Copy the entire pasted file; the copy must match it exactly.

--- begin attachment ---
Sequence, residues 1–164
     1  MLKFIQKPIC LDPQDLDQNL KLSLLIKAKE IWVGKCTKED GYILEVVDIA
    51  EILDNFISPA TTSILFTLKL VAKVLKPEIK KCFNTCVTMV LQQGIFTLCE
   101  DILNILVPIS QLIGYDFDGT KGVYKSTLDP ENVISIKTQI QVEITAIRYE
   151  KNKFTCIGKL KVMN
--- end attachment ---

Sequence, residues 1–164
     1  MLKFIQKPIC LDPQDLDQNL KLSLLIKAKE IWVGKCTKED GYILEVVDIA
    51  EILDNFISPA TTSILFTLKL VAKVLKPEIK KCFNTCVTMV LQQGIFTLCE
   101  DILNILVPIS QLIGYDFDGT KGVYKSTLDP ENVISIKTQI QVEITAIRYE
   151  KNKFTCIGKL KVMN